Campbell seeks levy for ambulance service

CAMPBELL — Officials have passed an emergency ordinance to place a 3.1-mill continuous property tax levy on the Nov. 7 general election ballot to address the lack of ambulance service in the city.

The levy would generate about $225,000 annually to allow officials to outsource and contract ambulance companies to offer coverage in the city of about 7,900, council president George Levendis said after Wednesday’s council meeting. Because of the coverage gap, the Campbell Fire Department has been handling many emergency calls, Levendis explained.

“We do not have enough money to run an ambulance,” he said.

The city would have to pay an estimated $1.6 million to $2 million to staff and run its own ambulance company, Levendis noted.

It would be premature at this time to say how much extra such a levy would cost the owner of a $100,000 home annually, Levendis said.

Nevertheless, the challenges and difficulties a shortage of ambulance coverage creates is not restricted to any single area, he added.

“It’s not (just) a Campbell problem; it’s a Mahoning County problem and a state problem,” Levendis continued.

The Eagle Joint Fire District board, which serves neighboring Hubbard city and township, also voted Wednesday to have its attorney prepare legislation to proceed with placing a 4.1-mill continuous operating levy on the November ballot.

Rick Hernandez, fire board chairman, said the board and fire Chief Ron Stanish have been discussing millage options needed to get more firefighters and emergency medical technicians on each shift at the fire station.

During Wednesday’s Campbell council meeting, Levendis praised the fire department for how it has “stepped up to the plate” to provide emergency coverage in light of the ambulance shortage.

Levendis also noted that the city’s four full-time firefighters, as well as its auxiliary firefighters, will receive training to be certified emergency medical technicians. That process should take about six months to implement, he estimated.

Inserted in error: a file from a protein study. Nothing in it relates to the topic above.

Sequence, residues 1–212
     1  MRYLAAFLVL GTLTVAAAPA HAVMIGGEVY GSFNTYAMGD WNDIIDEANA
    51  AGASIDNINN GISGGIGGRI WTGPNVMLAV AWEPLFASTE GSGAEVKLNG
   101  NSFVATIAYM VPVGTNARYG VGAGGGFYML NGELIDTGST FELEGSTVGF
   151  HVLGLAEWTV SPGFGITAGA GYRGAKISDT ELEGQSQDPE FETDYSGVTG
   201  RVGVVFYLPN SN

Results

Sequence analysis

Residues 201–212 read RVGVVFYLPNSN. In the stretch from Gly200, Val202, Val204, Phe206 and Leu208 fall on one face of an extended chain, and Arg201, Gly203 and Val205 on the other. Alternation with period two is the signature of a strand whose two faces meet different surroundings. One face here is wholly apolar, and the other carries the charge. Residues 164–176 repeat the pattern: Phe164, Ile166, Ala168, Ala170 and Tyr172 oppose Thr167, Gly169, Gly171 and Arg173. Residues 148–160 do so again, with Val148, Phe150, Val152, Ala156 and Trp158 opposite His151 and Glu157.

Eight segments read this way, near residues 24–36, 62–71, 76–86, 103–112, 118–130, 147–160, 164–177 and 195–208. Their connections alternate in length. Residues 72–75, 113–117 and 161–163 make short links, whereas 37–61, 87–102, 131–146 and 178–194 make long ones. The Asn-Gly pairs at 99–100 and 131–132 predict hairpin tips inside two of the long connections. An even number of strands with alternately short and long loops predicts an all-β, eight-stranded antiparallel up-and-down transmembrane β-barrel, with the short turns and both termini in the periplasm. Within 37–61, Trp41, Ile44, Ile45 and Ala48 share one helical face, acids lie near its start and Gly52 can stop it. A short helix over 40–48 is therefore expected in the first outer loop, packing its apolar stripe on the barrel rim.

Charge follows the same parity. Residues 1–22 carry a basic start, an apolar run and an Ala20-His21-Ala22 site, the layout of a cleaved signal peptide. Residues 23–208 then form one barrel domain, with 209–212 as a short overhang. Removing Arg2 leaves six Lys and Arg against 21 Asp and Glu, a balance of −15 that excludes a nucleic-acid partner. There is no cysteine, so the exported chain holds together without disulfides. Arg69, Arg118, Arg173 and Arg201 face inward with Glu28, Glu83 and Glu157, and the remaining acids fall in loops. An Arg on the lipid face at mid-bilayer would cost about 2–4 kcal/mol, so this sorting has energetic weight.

“We know about the situation, and we’re trying to do the best we can with what we have to work with,” Levendis said.


Also at the session, city Law Director Brian Macala said he had spoken with Deb Flora, the Mahoning County Land Bank’s executive director, regarding demolishing several former Youngstown Sheet & Tube Co. homes on Robinson Road and Blackburn Street.

Underscoring the need to take such action was a fire earlier this year in a vacant unit, Macala pointed out. City officials continue to say that many of the buildings are in deplorable condition, uninhabitable and dangerous, and are often used by drug dealers and squatters.

The most recent fires at the company homes broke out last month, destroying two buildings — one each on Ensley Drive and Booker Avenue. They were believed to have started around the same time, though no one was injured, fire Chief Stephen Dubic said at the time.

Macala noted that the Robinson Road units have to first undergo asbestos testing. Tests that had been conducted on the Blackburn Street homes showed “negligible” amounts of asbestos, he said, adding that buildings in other parts of the city also are on the demolition list.

In addition, Macala was recognized at Wednesday’s session because it marked the 500th meeting he’s attended since having been sworn into office in July 1996.

On Thursday, Mayor Bryan Tedesco toured the Blackburn Street and Robinson Road properties, saying that 23 individual apartments in row houses on Robinson Road and 14 such apartments on Blackburn are targeted for demolition. Each of the apartments in the two-story row houses is about 700 square feet, he noted.

Bids are to go out to perform the work, Tedesco said, adding that the city received permission from the State Historic Preservation Office in Columbus to raze the units.

In February, the office halted the demolition of some of the units so it could review photographs and information pertaining to them. In 1982, the Youngstown Sheet & Tube Co. homes were placed on the National Register of Historic Places.

Also at Wednesday’s meeting, Tedesco announced his plans to conduct a town hall meeting at 6 p.m. June 14 in Roosevelt Park off Struthers-Liberty Road to allow attendees to discuss the city’s lack of ambulance service and other concerns.


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